Postmodern American Poetry: A Norton Anthology, Second Edition

Paul Hoover, Editor
Paul Hoover. Norton, $35 trade paper (976p) ISBN 978-0-393-34186-7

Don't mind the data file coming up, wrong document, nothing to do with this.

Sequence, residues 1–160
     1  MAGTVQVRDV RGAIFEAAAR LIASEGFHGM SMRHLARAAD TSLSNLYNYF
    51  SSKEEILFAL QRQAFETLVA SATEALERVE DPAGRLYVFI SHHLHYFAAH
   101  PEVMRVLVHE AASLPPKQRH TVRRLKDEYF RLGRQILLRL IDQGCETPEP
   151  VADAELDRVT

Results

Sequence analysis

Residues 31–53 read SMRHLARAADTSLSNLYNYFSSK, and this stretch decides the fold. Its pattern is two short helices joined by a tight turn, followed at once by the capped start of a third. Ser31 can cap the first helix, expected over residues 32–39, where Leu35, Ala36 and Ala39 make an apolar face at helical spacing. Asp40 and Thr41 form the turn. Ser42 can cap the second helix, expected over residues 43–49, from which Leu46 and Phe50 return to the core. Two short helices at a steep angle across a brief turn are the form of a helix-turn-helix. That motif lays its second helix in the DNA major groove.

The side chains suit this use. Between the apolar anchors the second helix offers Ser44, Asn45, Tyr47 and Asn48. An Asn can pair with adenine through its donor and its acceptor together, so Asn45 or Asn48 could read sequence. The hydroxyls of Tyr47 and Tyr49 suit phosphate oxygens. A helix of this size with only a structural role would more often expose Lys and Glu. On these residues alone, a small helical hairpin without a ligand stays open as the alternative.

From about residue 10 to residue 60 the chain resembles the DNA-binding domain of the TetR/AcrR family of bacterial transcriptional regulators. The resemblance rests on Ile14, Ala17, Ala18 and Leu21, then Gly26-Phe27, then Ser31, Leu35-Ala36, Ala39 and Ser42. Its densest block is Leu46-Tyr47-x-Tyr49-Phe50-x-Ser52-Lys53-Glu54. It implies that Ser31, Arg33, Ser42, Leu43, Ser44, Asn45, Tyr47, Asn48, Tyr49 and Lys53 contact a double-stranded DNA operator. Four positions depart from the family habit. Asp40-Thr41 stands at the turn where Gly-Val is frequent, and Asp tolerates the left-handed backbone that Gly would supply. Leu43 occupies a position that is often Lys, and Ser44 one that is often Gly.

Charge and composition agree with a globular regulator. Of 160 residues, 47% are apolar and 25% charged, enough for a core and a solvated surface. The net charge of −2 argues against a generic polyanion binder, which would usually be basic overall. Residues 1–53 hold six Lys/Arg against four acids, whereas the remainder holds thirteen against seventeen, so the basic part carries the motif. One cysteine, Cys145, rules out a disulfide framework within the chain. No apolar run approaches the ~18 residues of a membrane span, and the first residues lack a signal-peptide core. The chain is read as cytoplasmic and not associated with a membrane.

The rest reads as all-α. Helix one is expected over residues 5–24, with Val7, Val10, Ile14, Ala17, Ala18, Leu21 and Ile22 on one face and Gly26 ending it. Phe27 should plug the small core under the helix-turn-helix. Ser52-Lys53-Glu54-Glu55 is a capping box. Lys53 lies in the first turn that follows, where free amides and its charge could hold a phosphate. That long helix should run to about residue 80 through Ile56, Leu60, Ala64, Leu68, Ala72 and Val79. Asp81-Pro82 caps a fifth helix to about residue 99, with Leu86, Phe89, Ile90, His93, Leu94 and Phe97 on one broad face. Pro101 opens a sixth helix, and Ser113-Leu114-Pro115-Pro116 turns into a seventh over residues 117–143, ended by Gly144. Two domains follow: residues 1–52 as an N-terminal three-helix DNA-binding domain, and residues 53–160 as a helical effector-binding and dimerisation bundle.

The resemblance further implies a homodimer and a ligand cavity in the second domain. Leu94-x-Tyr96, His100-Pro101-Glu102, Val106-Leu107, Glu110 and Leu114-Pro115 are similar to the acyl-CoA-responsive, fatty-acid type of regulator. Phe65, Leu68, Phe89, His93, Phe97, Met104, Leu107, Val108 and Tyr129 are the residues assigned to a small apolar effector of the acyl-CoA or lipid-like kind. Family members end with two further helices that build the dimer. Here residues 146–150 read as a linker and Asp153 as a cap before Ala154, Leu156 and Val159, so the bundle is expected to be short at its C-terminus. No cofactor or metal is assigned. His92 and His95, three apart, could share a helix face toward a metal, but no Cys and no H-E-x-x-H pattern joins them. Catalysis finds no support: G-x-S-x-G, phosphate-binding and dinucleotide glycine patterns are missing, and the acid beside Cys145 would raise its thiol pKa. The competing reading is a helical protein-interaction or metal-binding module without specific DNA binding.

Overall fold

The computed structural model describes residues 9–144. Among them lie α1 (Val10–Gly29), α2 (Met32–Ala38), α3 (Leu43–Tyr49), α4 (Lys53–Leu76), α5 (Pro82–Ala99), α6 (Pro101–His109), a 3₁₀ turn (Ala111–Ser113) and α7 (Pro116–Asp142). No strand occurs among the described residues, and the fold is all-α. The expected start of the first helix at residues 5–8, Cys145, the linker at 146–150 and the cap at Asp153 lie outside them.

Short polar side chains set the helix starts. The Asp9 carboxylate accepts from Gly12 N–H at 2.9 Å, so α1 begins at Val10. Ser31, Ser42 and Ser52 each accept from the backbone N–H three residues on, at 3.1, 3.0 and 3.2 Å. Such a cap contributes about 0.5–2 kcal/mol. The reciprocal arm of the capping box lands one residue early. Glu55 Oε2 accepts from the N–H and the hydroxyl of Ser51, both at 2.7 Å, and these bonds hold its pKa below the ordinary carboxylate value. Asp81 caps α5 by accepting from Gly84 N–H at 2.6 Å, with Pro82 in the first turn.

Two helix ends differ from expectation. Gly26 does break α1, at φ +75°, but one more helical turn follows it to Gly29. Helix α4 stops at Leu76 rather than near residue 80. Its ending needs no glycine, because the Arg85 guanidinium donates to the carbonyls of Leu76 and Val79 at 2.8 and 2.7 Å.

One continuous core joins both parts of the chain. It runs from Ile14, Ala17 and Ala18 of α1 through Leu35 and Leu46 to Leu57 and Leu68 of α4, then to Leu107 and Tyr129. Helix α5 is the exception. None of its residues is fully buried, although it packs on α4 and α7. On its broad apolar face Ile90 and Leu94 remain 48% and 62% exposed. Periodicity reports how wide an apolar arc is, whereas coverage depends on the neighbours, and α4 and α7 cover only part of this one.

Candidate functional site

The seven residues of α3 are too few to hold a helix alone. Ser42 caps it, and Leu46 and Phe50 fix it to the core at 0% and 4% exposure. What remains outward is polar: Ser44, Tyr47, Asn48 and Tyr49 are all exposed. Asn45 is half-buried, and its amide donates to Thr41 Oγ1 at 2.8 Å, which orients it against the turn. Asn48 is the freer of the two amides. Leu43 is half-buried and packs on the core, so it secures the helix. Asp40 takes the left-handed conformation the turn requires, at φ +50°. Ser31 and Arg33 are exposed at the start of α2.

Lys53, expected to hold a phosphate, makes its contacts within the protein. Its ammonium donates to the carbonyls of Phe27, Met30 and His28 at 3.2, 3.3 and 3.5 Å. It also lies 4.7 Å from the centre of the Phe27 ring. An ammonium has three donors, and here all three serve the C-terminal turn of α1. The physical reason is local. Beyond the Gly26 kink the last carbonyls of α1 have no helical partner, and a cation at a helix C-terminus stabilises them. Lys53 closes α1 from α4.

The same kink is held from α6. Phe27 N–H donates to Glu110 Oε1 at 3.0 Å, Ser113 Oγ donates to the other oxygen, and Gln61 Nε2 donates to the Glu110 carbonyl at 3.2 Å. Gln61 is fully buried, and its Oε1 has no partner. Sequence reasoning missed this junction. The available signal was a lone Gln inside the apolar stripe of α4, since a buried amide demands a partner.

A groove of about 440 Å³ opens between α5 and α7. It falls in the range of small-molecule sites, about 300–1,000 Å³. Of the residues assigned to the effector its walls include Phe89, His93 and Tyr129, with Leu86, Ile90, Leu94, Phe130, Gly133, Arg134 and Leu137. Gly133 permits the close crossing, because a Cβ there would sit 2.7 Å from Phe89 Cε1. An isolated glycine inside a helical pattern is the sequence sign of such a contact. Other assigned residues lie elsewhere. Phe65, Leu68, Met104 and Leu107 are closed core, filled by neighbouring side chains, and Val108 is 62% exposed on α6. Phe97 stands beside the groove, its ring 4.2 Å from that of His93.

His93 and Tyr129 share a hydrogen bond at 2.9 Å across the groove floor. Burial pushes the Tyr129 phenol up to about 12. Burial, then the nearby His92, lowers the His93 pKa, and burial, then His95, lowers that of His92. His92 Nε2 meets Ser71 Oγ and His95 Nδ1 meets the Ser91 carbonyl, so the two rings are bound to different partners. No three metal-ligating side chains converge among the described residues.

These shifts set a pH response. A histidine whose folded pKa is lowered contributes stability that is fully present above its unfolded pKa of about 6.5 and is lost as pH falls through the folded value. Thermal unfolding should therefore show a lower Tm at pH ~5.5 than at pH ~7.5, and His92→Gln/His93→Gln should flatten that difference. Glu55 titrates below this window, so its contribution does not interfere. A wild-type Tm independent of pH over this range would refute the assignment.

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Hoover, a highly regarded West Coast poet and deep practitioner of the poetics that are the focus of this book, has greatly expanded this important anthology for its second edition. First coined by the poet Charles Olsen in 1951, the term “postmodern” is defined by Hoover in his introduction as “an experimental approach to composition, as well as a worldview that sets itself apart from mainstream culture and the sentimentality and self-expressiveness of its life in writing.” That definition suggests both academic and theoretical nature of much of the poetry contained herein, as well as the many unusual formal devices often employed. But the range here is stunning, from Olsen’s panoramic histories to Frank O’Hara’s chatty cityscapes to Lyn Hejinian’s bottomless autobiography. What makes this edition so welcome, for both classroom and personal use, is its inclusion of many newer poets whose careers hadn’t yet begun when the first edition was published. Now we have K. Silem Mohammad’s Internet-infused lines, Claudia Rankine’s moral collages, Christian Bok’s vowel experiments, and more, including very new writers like Ben Lerner. There’s plenty of everything—especially strong emotion—if one knows where to look. This will be an essential book for students and serious fans of poetry. (Mar.)
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